A wide range of public opinion polls point to a clear and growing trend: Americans of all political stripes are increasingly worried about climate change. This is undoubtedly good news for those advocating for robust policies to reduce carbon emissions, the main contributor to climate change.
But here’s a less asked and probably more important question: What are Americans actually willing to pay to do something about it?
When economists and policymakers want to assess the benefits of an environmental policy, they often turn to the concept of “willingness to pay.” Think of it this way: if you knew someone was coming to your house tonight to steal $20, how much would you pay to avoid that? You would almost certainly be willing to pay up to nearly $20, right?
This is what researchers from the Energy Policy Institute at the University of Chicago (EPIC) and the Associated Press—NORC Center for Public Affairs Research at the University of Chicago set out to better understand. Their nationally representative poll found that 43% of Americans were unwilling to pay an additional $1 per month in their electricity bill to combat climate change—and a large majority were unwilling to pay $10 per month. That’s despite the fact that a whopping 77% said they think climate change is happening and 65% think it is a problem the government should do something about. Support plummets as the amount of the fee increases.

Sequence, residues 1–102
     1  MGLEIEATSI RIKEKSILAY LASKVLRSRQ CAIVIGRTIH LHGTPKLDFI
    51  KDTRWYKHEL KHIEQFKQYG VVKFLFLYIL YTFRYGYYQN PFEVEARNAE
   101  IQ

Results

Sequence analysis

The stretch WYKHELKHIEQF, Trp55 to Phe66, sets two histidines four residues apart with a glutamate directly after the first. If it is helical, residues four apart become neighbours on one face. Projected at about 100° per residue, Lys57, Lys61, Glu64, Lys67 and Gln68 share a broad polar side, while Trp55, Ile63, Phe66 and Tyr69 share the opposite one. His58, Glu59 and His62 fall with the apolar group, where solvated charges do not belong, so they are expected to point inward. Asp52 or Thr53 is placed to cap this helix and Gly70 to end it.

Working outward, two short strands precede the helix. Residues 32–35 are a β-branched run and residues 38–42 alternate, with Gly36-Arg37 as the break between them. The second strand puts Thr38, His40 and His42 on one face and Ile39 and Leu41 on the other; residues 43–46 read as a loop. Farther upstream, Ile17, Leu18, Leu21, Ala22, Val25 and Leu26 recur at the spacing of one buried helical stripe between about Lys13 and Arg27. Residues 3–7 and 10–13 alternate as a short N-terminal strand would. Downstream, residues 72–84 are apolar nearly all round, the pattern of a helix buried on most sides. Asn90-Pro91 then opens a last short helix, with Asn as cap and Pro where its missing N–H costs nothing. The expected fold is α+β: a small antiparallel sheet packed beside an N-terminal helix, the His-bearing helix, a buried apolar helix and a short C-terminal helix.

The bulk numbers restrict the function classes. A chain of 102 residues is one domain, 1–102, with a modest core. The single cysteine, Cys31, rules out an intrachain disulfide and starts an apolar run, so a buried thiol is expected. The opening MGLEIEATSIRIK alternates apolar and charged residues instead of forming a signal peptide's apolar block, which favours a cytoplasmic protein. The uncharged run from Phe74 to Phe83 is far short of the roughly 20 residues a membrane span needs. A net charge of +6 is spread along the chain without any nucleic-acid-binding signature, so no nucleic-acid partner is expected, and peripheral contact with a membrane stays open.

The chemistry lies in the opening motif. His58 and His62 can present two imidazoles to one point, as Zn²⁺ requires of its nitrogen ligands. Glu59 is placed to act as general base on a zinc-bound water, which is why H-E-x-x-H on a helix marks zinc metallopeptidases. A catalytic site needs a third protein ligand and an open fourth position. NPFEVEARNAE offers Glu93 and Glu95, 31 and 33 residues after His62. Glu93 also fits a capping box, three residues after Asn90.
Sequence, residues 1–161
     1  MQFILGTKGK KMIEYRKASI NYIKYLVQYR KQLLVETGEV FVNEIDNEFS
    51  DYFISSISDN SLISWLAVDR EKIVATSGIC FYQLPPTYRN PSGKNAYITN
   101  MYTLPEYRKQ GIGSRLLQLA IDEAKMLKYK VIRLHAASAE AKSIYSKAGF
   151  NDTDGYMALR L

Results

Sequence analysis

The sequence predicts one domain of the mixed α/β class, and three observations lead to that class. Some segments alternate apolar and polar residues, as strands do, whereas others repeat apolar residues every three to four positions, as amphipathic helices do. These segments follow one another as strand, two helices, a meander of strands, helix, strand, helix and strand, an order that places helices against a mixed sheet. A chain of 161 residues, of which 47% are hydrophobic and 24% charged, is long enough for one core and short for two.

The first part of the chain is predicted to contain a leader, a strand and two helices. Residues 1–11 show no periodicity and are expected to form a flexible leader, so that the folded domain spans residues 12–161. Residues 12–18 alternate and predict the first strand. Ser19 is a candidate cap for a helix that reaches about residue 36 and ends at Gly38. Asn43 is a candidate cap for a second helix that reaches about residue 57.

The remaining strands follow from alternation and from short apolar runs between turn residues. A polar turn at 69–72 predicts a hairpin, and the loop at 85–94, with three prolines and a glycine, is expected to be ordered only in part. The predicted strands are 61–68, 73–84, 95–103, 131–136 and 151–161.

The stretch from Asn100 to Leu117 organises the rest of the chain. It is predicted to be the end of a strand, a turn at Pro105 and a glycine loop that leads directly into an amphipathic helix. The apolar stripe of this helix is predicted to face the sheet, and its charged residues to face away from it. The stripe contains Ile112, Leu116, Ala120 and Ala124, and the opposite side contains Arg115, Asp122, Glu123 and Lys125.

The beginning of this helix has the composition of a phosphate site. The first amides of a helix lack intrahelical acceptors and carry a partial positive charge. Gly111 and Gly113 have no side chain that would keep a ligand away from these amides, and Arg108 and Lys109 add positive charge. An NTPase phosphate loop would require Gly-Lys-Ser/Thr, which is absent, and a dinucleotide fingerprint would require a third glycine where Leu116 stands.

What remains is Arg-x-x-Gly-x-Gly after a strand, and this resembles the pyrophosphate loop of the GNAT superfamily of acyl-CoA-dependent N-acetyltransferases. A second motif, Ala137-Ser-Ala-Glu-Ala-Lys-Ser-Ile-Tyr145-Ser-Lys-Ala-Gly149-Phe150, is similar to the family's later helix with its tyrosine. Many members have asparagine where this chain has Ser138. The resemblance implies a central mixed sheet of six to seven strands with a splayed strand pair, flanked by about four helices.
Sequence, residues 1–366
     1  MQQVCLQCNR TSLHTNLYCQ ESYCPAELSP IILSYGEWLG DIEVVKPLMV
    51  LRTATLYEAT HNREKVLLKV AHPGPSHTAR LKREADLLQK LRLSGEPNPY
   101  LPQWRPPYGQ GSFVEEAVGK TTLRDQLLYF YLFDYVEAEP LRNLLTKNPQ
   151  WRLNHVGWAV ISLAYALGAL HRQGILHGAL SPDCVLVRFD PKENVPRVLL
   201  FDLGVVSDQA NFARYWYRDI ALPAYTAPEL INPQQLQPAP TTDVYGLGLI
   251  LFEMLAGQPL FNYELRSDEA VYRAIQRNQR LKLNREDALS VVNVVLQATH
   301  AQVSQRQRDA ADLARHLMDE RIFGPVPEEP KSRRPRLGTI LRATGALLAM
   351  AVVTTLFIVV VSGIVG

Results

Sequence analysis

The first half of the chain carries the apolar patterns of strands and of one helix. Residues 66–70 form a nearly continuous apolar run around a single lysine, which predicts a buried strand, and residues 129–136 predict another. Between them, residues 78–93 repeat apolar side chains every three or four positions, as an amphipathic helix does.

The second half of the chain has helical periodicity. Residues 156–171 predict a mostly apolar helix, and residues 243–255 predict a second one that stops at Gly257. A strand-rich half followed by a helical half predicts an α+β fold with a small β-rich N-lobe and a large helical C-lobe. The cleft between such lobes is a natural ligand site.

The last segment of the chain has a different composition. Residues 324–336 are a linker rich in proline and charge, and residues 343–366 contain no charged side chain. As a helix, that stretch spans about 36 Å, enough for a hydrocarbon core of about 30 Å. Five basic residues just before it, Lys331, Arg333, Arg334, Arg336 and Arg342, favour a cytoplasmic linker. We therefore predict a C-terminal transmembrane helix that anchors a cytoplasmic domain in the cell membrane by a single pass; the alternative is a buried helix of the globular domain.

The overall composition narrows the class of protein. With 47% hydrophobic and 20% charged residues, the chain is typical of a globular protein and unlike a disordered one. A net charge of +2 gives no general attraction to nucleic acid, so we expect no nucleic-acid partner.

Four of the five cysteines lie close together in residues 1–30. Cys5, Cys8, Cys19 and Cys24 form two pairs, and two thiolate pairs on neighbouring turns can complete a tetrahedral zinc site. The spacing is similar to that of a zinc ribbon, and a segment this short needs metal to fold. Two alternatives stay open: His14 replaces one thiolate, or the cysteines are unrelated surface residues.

This is an upside-down result. The best available science tells us that Americans should be willing to pay considerably more, because the damages from climate change are so great—including to them personally. If we use the federal government’s estimate of the combined social cost of carbon pollution and apply it to the typical U.S. household’s electricity consumption on today’s national grid mix, the average household faces damages of almost $20 per month. Yet just 29% of respondents said they would be willing to pay at least that much…